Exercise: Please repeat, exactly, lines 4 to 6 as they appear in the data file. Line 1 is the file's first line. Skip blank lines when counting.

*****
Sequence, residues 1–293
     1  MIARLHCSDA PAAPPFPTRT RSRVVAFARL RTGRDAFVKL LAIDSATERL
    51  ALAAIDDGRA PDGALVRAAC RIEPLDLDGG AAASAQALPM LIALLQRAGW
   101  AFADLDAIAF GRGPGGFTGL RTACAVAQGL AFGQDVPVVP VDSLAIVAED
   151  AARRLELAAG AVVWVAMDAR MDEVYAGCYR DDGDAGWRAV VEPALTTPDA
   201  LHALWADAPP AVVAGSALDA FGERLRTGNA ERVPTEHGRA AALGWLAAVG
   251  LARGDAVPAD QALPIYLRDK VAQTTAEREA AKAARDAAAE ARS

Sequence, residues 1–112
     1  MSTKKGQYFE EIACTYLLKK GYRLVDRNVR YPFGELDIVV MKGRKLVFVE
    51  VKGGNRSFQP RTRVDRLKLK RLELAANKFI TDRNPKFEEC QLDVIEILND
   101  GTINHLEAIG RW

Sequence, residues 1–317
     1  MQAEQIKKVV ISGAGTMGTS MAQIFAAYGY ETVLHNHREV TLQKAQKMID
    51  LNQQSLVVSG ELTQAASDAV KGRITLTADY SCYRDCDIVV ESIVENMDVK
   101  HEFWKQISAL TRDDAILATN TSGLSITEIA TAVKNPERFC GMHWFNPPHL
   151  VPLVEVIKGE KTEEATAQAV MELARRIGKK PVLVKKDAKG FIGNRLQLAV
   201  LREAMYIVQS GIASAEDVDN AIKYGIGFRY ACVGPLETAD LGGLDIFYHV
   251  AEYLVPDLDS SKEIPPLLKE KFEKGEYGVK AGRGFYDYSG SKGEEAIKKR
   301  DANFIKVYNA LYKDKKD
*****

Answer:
   101  AFADLDAIAF GRGPGGFTGL RTACAVAQGL AFGQDVPVVP VDSLAIVAED
   151  AARRLELAAG AVVWVAMDAR MDEVYAGCYR DDGDAGWRAV VEPALTTPDA
   201  LHALWADAPP AVVAGSALDA FGERLRTGNA ERVPTEHGRA AALGWLAAVG